How to remove snow and ice or prevent them from building up on your home is good winter maintenance. Snow and ice can take a toll on home systems and exteriors.
Winter is on the way, and for some of us that means only temporary bursts of very cold temperatures. But others living in more northerly areas will experience prolonged periods of severely cold weather accompanied by an abundance of ice and snow — conditions that can inflict property damage and create liability issues. Before the weather turns truly frightful outside, it’s a good idea to minimize the risks. These common-sense winter home maintenance tips will prove helpful in preparing your home for whatever the season throws your way.
Protect Your Pipes
We all know that water expands when it freezes. If the water inside your pipes freezes, the pipes can crack and burst, potentially causing massive damage. To prevent this calamity, drain any water from outdoor faucets and sprinkler systems. Also, be sure to disconnect outdoor hoses and cover outdoor faucets with insulators. (A variety of models are available at your local hardware store.) Also protect any pipes running through unheated interiors — such as garages, attics or basements — with insulation.
In case of a water-related emergency, it’s a good idea to know where your water shut-off valve is located. Typically, it’s in the basement or buried toward the street in your front lawn, with either a concrete, metal or plastic access cover. Scout it out before freezing temperatures arrive.
Seal Windows and Doors
The natural gaps that occur around windows and doors can make it difficult to keep your house warm. Using caulk to seal these areas, as well as installing weather stripping, can help. This relatively minor and inexpensive fix can help you save a significant amount of money on heating costs.
Additionally, in older homes, windows may be constructed of single-pane glass and doors lacking insulation. Upgrading to double pane windows and insulated doors can greatly increase your home's energy efficiency.
Clean Out the Gutters to Avoid Ice Dams
An ice dam occurs when ice and snow melts during the day and then refreezes in the evening, becoming trapped in your gutters and clogging them. This situation can force water back up under the roof line and lead to expensive damage to your home. Make sure your gutters are free of all leaves, sticks and other debris that could lead to ice dams.
Keep Your Attic Cool
In addition to clogged gutters, a warm attic can contribute to ice dam damage by causing snow to melt in the middle of your roof and drain toward the gutters where it may refreeze. To keep your attic sufficiently cool, make sure it’s properly ventilated and seal any cracks or holes in your ceiling and around fixtures so that household heat doesn’t seep into the attic. It’s also a good idea to insulate the attic floor to keep heat inside your home and outside of the attic.
Watch Your Roof for Snow Overload
While you don’t want snow melt to happen too rapidly, creating the potential for ice dams, you don’t want your roof overloaded with snow either. If your roof appears to be sagging or you hear cracking or popping noises, call a reputable roofing contractor immediately to remove the extra weight from your roof. If you are wondering how to remove snow near the roof’s edge, use a long-handled snow rake. Removing this snow near the gutters will also help prevent ice dams.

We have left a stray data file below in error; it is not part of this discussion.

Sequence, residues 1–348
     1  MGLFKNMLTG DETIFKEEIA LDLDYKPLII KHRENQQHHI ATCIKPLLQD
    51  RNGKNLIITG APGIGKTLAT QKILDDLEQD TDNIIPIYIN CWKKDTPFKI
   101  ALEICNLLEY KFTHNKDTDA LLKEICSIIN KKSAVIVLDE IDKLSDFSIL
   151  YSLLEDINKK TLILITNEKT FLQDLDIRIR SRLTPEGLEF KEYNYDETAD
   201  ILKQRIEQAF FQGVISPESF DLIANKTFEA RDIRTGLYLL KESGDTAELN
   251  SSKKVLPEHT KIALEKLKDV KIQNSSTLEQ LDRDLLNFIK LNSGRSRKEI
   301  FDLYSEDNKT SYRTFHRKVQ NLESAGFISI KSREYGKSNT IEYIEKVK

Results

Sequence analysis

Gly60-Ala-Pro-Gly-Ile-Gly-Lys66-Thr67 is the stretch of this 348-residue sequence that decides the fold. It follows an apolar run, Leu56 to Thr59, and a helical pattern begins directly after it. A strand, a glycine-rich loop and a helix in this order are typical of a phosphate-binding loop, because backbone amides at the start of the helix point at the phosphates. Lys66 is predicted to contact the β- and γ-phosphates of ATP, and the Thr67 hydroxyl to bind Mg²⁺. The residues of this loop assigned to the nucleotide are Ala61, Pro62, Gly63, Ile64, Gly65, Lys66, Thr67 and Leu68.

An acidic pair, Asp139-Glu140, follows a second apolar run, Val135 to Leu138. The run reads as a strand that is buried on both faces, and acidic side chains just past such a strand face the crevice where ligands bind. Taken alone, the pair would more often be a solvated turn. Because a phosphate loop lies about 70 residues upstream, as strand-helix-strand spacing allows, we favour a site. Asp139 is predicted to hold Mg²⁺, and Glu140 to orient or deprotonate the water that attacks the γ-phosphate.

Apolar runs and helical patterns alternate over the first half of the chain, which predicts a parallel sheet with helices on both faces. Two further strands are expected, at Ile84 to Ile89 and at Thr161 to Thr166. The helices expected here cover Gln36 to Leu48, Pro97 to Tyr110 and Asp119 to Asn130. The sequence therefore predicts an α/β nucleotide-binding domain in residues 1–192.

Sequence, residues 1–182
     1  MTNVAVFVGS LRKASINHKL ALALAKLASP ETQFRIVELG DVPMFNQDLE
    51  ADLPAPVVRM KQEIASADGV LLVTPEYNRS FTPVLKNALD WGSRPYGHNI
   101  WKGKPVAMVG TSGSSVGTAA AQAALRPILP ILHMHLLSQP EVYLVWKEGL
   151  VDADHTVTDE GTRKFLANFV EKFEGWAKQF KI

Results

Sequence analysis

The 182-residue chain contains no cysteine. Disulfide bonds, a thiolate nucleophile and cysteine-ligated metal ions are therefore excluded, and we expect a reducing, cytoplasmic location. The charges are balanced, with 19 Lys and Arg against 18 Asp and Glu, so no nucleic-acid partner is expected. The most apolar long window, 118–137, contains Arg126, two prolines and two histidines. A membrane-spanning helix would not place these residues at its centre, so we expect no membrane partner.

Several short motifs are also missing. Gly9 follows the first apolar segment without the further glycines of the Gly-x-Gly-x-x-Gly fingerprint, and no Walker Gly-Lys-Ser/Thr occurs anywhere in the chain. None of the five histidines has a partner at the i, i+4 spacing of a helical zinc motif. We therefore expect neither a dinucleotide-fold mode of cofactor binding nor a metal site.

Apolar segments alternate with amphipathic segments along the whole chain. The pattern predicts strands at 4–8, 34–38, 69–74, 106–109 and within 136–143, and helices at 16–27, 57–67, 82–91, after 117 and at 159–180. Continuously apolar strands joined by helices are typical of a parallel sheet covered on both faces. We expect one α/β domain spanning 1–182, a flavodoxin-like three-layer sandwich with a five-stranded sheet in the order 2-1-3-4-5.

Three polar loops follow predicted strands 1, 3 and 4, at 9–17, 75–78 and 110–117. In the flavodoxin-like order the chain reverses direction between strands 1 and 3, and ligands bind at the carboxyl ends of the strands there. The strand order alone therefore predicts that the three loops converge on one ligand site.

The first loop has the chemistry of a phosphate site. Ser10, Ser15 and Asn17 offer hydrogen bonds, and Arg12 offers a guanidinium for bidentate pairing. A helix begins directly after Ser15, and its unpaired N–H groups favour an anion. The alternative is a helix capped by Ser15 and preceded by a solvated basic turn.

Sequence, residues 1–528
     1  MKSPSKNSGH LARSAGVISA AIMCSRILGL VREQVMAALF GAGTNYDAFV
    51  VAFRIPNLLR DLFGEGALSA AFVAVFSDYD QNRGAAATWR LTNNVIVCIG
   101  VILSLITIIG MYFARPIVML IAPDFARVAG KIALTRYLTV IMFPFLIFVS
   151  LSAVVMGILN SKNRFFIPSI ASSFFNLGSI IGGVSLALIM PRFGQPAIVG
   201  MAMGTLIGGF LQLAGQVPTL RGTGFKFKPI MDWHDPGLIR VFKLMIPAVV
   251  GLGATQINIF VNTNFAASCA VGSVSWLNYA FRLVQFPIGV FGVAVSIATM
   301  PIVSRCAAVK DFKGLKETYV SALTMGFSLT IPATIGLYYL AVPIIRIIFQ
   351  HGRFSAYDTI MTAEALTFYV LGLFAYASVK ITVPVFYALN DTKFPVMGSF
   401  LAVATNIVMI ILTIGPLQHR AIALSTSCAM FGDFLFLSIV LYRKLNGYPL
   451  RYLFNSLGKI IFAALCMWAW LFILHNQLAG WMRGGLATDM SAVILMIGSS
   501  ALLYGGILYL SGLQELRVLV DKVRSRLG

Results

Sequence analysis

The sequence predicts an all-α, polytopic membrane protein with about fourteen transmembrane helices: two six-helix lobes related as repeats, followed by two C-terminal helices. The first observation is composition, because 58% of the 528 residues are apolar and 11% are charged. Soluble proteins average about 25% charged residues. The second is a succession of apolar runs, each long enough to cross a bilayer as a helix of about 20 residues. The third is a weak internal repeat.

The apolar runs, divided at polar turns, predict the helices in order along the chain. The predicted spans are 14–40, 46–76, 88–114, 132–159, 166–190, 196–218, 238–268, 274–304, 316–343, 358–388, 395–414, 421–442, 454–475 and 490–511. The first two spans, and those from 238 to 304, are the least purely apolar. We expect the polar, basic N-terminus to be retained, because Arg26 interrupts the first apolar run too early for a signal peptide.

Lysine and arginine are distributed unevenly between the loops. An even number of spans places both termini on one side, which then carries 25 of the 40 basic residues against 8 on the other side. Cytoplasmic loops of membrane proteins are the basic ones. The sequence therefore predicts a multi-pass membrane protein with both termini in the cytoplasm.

Remove Damaged or Dangerous Tree Branches Hanging Over Your House
Even if they looked sturdy earlier in the year, trees and their branches can be affected by wind, ice and snow. Timely pruning is essential. When stressed, branches can break and fall. When they do, they can damage your home or car, or injure someone standing nearby.
Have Your Heating System Checked by a Professional Contractor
Change your furnace filter at the start of the winter season and then every two to four months thereafter. Clogged or dirty filters prevent your system from operating efficiently.
And when winter is howling outside, be sure to keep your home heated to at least 65 degrees (as recommended by the Insurance Information Institute). The temperature inside the walls is colder than the walls themselves, and a room temperature lower than 65 degrees might not prevent the pipes housed inside them from freezing.
Inspect the Fireplace and Chimney
We all enjoy a flickering fire to warm a winter evening, but before igniting the first log, make sure your fireplace and chimney are clean and free of critters. The National Fire Protection Association recommends that chimneys, vents and fireplaces be inspected at least once a year for soundness and freedom from deposits. Before winter hits with full force, call in a professional chimney sweep to clean out soot and other debris that could catch fire, and keep the flue closed all the way when you’re not using the fireplace.
While taking these steps to prepare your home for winter’s storms, consider purchasing a Home Warranty from American Home Shield®. Our flexible plans can keep your appliances and the key components of your home systems up and running the year round, and with minimal out-of-pocket costs to you. Contact AHS today for a free estimate!